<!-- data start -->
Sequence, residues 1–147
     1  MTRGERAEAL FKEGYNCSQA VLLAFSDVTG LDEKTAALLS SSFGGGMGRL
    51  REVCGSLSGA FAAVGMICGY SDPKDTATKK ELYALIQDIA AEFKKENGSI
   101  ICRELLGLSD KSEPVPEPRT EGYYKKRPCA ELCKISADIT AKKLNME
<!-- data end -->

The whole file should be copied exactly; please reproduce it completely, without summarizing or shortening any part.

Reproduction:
Sequence, residues 1–147
     1  MTRGERAEAL FKEGYNCSQA VLLAFSDVTG LDEKTAALLS SSFGGGMGRL
    51  REVCGSLSGA FAAVGMICGY SDPKDTATKK ELYALIQDIA AEFKKENGSI
   101  ICRELLGLSD KSEPVPEPRT EGYYKKRPCA ELCKISADIT AKKLNME